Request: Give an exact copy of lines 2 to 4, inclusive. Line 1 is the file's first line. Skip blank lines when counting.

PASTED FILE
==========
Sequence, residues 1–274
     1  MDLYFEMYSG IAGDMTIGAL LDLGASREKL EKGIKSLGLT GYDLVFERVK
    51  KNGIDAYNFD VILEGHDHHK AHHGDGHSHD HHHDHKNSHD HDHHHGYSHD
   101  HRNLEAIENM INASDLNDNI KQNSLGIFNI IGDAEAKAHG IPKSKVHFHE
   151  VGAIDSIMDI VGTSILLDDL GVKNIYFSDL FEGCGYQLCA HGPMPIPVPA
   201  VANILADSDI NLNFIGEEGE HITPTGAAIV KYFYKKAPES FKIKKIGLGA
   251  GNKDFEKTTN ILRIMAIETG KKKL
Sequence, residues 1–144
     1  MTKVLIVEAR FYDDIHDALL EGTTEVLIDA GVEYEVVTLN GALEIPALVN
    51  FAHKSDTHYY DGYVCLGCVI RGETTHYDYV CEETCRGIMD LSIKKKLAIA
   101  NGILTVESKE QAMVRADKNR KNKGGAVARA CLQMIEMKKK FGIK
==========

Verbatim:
     1  MDLYFEMYSG IAGDMTIGAL LDLGASREKL EKGIKSLGLT GYDLVFERVK
    51  KNGIDAYNFD VILEGHDHHK AHHGDGHSHD HHHDHKNSHD HDHHHGYSHD
   101  HRNLEAIENM INASDLNDNI KQNSLGIFNI IGDAEAKAHG IPKSKVHFHE